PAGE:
In 1930s Europe, no one fears death anymore. At least not if they have a Ticket to Summerland. Not only do the living know about the afterlife in Rajaniemi’s alternate history, but they can communicate with people there, and the dead can visit the world of the living whenever they want through mediums and other means.
It’s no surprise, then, that the European powers of the time would wrangle over control of the world of the dead, just as they do the world of the living.
Rachel White is a good, but dissatisfied SIS agent with the British Empire. As a woman in the 1930s, she doesn’t get the respect of her fellow agents or superiors, no matter how good her work. Then she learns of a Soviet mole in Summerland. Instead of being put on the case, she’s removed from her position and placed in an accounting position.
This was my introduction to Rajaniemi, so I didn’t know quite what to expect going in, but the premise of the book was unusual enough to pique my interest. I was not disappointed.
The truly strange thing about this book for me, though, is that I tend to be a character reader. The story has to be good, but if I don’t connect with at least one of the characters, I’m not fully engaged. A good character will even occasionally pull me through a not-so-good story. The truth is, I never really found my common ground with Rachel. She is, purposefully, I believe, a distant personality. I was never really invested in her on a personal level, yet the pages kept turning. Though I’m sure there have been one or two here and there, I can’t name another book where that’s happened off the top of my head.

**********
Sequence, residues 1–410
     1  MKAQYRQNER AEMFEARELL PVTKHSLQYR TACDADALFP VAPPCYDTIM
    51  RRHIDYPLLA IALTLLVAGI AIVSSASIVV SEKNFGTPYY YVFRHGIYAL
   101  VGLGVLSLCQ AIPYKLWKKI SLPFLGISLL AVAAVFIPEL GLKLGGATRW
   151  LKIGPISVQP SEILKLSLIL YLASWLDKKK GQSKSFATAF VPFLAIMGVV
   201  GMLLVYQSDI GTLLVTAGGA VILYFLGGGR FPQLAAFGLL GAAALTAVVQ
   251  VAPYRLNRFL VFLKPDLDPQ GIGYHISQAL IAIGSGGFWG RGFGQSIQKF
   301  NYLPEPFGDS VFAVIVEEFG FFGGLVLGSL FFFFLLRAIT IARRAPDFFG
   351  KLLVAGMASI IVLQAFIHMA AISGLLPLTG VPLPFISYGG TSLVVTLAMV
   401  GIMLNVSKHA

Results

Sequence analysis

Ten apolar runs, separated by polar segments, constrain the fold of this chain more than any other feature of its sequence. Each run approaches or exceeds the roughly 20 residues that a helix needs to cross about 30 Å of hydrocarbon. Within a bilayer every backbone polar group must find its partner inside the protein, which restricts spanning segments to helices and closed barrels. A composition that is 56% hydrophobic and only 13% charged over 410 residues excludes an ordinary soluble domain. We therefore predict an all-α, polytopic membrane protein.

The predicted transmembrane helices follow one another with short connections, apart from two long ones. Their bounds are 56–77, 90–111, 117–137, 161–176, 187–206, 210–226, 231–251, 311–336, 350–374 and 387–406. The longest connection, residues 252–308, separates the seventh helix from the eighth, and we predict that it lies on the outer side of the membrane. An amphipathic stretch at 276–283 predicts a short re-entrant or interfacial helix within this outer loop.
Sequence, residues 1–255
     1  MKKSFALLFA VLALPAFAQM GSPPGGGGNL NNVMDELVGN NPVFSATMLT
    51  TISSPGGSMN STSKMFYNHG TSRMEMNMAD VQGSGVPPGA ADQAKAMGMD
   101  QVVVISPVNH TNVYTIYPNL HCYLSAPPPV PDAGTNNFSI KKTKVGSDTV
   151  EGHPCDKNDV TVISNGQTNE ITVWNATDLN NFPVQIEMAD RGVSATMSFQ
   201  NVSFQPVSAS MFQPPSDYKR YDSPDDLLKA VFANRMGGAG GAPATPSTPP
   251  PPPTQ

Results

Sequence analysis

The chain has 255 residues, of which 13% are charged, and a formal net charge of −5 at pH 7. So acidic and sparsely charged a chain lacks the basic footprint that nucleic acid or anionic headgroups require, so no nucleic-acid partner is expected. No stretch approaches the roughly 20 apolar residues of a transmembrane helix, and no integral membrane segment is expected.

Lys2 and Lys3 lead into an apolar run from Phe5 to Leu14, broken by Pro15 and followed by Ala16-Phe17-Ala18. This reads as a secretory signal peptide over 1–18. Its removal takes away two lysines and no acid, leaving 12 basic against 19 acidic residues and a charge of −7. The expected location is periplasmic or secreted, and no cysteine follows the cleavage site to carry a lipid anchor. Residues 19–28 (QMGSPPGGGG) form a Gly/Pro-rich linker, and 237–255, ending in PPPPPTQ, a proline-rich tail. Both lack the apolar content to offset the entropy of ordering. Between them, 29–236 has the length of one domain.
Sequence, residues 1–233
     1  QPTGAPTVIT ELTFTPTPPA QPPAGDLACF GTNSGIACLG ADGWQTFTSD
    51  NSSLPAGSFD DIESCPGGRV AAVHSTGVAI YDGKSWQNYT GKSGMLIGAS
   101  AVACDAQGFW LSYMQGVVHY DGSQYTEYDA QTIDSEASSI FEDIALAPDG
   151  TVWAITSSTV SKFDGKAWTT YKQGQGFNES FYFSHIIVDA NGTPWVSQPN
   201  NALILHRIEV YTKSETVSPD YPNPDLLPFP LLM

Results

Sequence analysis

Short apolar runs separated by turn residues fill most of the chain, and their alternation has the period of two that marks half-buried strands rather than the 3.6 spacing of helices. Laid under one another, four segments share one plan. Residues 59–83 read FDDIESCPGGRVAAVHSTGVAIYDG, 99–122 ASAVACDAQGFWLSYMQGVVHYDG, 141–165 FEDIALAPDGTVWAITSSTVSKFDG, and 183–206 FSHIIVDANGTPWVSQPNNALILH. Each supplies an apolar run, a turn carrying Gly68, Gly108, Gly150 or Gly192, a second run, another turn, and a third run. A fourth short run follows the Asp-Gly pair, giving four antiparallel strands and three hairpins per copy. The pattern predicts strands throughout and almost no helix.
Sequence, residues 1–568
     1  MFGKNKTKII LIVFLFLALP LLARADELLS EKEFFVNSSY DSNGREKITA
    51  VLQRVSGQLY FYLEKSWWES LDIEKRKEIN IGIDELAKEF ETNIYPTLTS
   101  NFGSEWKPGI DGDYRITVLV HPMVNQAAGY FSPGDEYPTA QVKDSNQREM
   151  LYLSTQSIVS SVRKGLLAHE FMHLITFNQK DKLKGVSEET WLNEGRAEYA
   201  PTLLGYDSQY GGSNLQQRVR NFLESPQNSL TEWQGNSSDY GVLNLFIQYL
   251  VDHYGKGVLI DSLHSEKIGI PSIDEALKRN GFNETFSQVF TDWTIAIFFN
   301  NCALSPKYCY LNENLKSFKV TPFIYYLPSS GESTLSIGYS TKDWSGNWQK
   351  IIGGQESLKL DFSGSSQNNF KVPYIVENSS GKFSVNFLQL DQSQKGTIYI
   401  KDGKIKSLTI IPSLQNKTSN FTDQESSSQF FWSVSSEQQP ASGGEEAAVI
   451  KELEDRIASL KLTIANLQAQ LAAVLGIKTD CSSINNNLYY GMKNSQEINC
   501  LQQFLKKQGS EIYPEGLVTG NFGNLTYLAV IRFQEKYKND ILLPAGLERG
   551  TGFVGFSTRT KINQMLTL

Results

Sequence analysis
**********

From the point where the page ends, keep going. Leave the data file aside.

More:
So what was it that still made me enjoy “Summerland?” A number of things. First, there’s Rajaniemi’s writing style. Again, I always put character and story far above literary flair, but there’s just something gorgeous about his prose. It’s sophisticated and lyrical without being pretentious. I never get the feeling that Rajaniemi is talking down to me as a reader the way I do with some authors who have literary aspirations. Instead his words pulled me along and kept me engaged.
Then, there’s the world itself. How could you not be drawn to a place where death is, well, dead? You can pick up the ectophone and speak to a deceased parent if you need advice. You can say the words that you never got to say to someone who has passed away. There’s always time.
Of course, there are also downsides. One not-so-cool aspect is that there’s no paradise waiting on the other side for the folks in Summerland. Most of them still have 9-to-5 jobs. And if you believe you have eternity, are you living your life to the fullest and making the most of each day? They’ve also weaponized the afterlife with ectotanks that turn into Lovecraftian horrors that can mow through enemies. Now that I think about it, that last one is pretty awesome from a reader perspective, just not for the people in the book.
Part fantasy, part weird science fiction, part historical spy novel, there’s a lot to like in “Summerland” for a lot of different audiences. If secret agent adventure in the afterlife sounds intriguing to you, give it a try.